Traditionally wool has been used to knit sweaters, gloves, scarves, long johns and tweed jackets. Wool pads were used as oven gloves -- their insulating properties blocking heat transfer from cooking equipment. A good sound insulator, wool felt was used to cover billiard tables and the traditional "green baize door" between a household and the noisy servants' quarters. Wool carpets keep our feet warm and reduce energy loss from the home. The reasons wool insulates well relate to its structure.
Essentially, substances are good insulators because they are poor conductors. They do not transmit heat away from a warm object, instead trapping heat around it. Because heat, electricity and sound are all forms of energy, substances that are good heat insulators are usually good electrical and sound insulators. The reason relates to materials' atomic structure. Where the electrons in the outer level of an atom are mobile – as in many metals – they transfer energy as they move about. Where electrons in an atom are tightly bound together without much freedom of movement, they cannot easily transmit energy.
Dual fibre types
Animal hair of all types exists to insulate the animal. Sheep live outdoors, often in an inhospitable environment. They must endure cold weather and precipitation while maintaining a warm core body temperature. Their fleece is thick, giving substantial protection against rain, wind and snow. A sheep's fleece consists of a double layer of different types of fibres. A soft, fine inner layer traps heat next to the skin. A coarser, oily outer coat of longer fibres protects against bad weather.
Wool's stranded structure, crimped profile and springy, curling form help trap air between the strands. Additionally each strand is a hollow fibre, with air at its core. Air is a good insulator. This is because heat cannot be conducted through a void, only by contact between moving electrons. Air molecules are wide apart with spaces between them, inhibiting conduction. By trapping air against the skin, wool increases its integral insulating properties. The air spaces also mean wool is “breathable” and “moisture wicking” – moisture from sweat can escape into the central core of the wool fibres, avoiding the wearer becoming cold and clammy. According to Sierra Trading Company, a wool fibre's core can absorb 30 per cent of its own weight in moisture vapour, without becoming clammy.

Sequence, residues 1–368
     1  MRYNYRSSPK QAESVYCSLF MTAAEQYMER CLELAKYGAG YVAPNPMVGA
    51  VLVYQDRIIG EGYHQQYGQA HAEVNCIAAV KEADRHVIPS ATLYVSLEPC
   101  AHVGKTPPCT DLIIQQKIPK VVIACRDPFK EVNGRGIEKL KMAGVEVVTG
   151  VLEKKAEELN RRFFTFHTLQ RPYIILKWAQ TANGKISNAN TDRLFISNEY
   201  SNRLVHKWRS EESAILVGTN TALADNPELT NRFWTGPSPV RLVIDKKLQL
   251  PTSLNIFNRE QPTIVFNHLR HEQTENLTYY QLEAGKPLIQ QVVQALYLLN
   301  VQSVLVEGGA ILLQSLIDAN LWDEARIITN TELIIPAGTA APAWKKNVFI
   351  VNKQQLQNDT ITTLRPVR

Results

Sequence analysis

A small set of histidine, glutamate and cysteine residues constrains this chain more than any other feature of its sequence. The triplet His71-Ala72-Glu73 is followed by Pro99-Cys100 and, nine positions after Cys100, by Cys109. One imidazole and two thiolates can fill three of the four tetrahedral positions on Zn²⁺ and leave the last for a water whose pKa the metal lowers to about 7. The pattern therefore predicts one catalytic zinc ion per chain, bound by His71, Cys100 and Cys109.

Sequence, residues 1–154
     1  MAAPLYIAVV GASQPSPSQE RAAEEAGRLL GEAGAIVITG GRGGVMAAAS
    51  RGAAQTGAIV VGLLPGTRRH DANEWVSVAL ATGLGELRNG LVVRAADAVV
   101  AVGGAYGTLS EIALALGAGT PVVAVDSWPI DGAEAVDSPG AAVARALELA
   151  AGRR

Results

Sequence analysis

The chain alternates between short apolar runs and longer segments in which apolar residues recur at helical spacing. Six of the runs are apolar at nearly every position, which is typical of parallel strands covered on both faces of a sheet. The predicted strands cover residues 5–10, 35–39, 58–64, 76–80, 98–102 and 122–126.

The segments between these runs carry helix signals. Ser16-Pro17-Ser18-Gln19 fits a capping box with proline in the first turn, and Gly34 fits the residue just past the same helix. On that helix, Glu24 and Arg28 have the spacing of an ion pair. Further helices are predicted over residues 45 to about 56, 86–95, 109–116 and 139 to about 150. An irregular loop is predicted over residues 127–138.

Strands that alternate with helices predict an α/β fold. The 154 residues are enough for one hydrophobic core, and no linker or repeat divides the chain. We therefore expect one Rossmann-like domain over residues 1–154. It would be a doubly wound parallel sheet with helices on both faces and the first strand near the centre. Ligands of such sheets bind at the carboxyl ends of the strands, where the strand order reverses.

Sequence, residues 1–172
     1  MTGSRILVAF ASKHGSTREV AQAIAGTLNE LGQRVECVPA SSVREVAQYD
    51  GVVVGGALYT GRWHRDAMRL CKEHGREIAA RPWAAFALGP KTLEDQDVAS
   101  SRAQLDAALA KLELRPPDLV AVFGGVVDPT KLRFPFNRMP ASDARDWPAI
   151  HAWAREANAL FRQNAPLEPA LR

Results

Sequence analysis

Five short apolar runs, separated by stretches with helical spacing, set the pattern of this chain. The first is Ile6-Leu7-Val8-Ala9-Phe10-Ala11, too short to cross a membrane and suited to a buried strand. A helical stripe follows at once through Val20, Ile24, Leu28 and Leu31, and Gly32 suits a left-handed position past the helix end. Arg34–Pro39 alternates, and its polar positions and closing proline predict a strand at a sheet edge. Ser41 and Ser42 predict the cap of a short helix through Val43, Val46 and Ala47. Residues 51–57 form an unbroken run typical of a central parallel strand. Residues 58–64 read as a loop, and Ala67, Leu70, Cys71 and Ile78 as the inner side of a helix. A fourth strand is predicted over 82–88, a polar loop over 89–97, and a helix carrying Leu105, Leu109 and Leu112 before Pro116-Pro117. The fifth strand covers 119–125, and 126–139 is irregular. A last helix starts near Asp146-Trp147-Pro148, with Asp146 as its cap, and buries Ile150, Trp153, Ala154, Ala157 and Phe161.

Wool's insulating properties are enhanced by its oil content. The outer layer of a sheep's fleece feels greasy. This natural oil, called lanolin, repels water, ensuring that even in wet or snowy weather, the sheep stays dry. This is important because being wet exacerbates the effects of cold -- water is a good conductor. Additionally, a sodden fleece would cling to the animal, eliminating the air spaces found in a dry fleece.
Cutting-edge uses for wool
Increasingly wool is being promoted as loft insulation. Wool is a renewable resource. It is less irritating and has none of the health risks associated with fibreglass insulation. It is also fire-retardant and recyclable.
- Mad Sci Network; Physics: What Are the Properties of Good Insulators?; Dwayne Rosenburgh; January 2000
- All About Circuits: Conductors, Insulators and Electron Flow
- Sunapee School District, New Hampshire: Physical Science Study Guide: Transfer of Thermal Energy
- British Coloured Sheep Breeders Association: The Fleece of Coloured Sheep
- Sierra Trading Post: Guide to Wool
- Going Green at Home: Sheep Wool Insulation Natural and Renewable Insulation
- Carpet Institute Australia: Fact Sheet: Thermal Insulation Performance of Carpet
- Power Sleuth: Building an Insulated Water Bottle
- Country Life; Sheep Wool Insulation; William Kendall; March 2009
- Energy Saving Trust; Industry News; National Trust Insulates...with Wool; February 2011
- Nature Pro Sheep Wool Loft Insulation
- Sheep Wool Insulation: FAQs
- The Golden Fleece: Why Insulate with Wool?
- Aetna Felt Corporation: The Advantages of Felt
- Sheep 101: Real Men Wear Wool
- Kids' Science Experiments: Insulators
- Tech Lib.com: List of Insulating Materials
- Ohio State University Extension; Selecting Insulated Vests and Jackets; Joyce Smith and Norma Pitts